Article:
CNOOC still keen for LNG, but from where?

CNOOC doesn’t seem to want to take on more Australian LNG contracts, but the company said this week that it is still moving ahead with plans to expand its uptake of liquefied natural gas.
CNOOC still keen for LNG, but from where? CNOOC still keen for LNG, but from where? CNOOC still keen for LNG, but from where? CNOOC still keen for LNG, but from where? CNOOC still keen for LNG, but from where?

Chairman and CEO Fu Chengyu told a Cambridge Energy Research Associates conference in Houston that the LNG market in China was developing very quickly and soon the country would be importing about 30 million tons of LNG each year.

China may be keen to increase its LNG imports but it has not been signing any new contracts lately and has been using on-again, off-again negotiating tactics over Gorgon LNG.

According to a recent study by North American energy specialist Tristone Capital, the world has the capacity to 're-gassify' 27.3 billion cubic feet of gas a day – but only has the infrastructure to produce 20.3bcf of liquefied natural gas (LNG) a day.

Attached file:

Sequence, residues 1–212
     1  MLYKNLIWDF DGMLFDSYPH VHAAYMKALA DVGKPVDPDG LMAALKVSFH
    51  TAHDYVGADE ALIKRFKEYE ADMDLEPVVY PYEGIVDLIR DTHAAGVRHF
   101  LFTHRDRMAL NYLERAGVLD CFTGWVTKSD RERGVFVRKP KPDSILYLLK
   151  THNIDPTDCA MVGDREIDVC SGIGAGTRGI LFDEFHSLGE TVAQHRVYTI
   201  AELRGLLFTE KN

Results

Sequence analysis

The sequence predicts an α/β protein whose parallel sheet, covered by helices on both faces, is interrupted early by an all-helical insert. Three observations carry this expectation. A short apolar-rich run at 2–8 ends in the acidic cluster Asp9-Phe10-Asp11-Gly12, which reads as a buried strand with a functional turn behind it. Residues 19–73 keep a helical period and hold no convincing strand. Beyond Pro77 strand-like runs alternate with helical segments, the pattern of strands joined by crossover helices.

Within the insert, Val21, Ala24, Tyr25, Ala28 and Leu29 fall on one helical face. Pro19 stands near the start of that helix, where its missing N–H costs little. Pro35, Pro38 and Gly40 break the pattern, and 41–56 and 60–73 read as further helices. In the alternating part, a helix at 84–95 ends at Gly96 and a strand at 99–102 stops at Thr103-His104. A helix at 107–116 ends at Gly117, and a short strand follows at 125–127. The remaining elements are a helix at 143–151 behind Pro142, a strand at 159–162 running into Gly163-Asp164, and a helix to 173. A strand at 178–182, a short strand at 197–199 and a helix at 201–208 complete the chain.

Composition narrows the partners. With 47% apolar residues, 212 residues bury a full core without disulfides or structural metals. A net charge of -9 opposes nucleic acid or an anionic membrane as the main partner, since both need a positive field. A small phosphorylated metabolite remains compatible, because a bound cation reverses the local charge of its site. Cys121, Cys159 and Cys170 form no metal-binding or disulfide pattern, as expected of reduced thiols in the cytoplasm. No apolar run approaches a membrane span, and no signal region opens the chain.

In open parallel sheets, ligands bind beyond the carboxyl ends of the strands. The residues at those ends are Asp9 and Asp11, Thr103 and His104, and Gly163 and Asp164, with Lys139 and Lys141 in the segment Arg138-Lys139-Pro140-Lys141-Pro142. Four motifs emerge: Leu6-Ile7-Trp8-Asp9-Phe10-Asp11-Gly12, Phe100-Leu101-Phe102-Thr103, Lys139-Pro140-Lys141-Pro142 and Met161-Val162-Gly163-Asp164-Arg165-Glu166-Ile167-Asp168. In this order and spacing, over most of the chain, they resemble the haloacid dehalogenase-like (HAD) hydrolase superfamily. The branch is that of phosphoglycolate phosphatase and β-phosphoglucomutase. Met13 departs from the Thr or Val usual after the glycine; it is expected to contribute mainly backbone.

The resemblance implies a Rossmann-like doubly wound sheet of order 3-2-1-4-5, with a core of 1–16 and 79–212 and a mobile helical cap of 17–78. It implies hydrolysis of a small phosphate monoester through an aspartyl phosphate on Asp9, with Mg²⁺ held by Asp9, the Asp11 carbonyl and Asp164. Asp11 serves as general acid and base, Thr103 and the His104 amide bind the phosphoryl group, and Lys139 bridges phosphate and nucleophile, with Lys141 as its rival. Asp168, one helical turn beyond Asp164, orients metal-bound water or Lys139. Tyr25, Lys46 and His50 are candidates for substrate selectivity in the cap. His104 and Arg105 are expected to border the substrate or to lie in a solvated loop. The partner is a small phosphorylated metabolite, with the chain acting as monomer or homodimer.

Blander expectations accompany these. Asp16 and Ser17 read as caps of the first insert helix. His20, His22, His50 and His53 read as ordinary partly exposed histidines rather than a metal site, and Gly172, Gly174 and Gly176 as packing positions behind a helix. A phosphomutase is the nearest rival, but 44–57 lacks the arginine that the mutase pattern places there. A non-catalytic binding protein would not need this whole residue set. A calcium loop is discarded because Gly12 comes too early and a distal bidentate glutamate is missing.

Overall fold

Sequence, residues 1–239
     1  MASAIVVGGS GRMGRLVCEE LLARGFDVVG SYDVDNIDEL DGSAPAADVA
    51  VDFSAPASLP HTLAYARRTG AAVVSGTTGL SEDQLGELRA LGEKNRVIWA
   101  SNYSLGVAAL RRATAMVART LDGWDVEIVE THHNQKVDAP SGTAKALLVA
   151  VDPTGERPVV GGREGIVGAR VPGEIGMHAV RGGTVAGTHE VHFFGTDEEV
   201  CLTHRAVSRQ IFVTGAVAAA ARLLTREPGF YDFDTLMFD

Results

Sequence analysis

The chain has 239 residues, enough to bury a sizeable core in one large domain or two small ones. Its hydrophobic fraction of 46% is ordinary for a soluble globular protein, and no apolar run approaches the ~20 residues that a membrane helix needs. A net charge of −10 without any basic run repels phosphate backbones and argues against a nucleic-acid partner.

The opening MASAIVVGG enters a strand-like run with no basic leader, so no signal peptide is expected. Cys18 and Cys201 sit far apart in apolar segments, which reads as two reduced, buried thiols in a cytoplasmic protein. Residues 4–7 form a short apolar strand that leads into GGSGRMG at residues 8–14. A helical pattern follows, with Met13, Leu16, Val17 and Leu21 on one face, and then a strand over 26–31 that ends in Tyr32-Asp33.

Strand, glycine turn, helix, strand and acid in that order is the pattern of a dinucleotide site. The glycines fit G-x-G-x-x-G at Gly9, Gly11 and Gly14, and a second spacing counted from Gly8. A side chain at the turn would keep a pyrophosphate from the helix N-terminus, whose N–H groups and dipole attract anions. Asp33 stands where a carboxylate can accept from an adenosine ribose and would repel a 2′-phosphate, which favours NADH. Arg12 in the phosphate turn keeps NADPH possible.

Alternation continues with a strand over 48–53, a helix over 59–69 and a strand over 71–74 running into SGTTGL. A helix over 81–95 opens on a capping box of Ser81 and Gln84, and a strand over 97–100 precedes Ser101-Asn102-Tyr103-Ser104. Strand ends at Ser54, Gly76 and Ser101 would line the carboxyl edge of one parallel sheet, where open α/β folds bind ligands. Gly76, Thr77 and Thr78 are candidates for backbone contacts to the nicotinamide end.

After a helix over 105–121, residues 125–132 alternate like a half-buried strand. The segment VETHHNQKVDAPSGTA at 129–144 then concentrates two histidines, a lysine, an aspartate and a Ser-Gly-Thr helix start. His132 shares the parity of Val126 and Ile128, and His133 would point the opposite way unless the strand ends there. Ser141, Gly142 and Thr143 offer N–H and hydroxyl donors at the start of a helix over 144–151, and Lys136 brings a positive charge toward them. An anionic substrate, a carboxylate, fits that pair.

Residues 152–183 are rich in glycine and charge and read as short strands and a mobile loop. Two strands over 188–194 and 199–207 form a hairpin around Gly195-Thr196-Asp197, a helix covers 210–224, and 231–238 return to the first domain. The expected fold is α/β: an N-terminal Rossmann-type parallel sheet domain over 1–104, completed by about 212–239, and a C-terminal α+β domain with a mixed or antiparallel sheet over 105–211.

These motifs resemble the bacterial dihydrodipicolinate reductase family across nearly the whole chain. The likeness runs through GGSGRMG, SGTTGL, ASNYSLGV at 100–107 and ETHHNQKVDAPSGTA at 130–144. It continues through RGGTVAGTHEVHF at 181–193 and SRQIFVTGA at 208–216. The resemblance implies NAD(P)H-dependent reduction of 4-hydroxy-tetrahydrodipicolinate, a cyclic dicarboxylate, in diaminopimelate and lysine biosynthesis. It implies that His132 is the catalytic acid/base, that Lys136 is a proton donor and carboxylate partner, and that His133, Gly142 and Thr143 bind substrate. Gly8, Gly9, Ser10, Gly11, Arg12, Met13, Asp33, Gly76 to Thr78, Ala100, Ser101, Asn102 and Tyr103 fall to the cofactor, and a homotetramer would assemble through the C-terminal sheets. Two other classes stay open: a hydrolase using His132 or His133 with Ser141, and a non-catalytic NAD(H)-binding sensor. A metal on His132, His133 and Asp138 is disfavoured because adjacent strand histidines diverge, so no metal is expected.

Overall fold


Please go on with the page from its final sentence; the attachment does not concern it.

Australian Resources Minister Ian Macfarlane warned recently that the world energy market was moving rapidly, and buyers that did not lock in LNG contracts soon could miss out.

China has planned up to 10 new LNG import terminals and has already started building some of these. So it must acquire some gas from somewhere.

But China seems unwilling to pay the going rate for LNG. One alternative would be to become a major partner in new LNG projects from their inception in developing countries keen to attract foreign investment.

Papua New Guinea Prime Minister Michael Somare recently said he had received a proposal from CNOOC to develop an LNG on the country’s north coast.

China and PNG have also agreed to assess the viability of a gas pipeline to the north coast.

It could be a great development for PNG, but China must surely also look elsewhere. It seems unlikely that PNG could supply all of China's needs.

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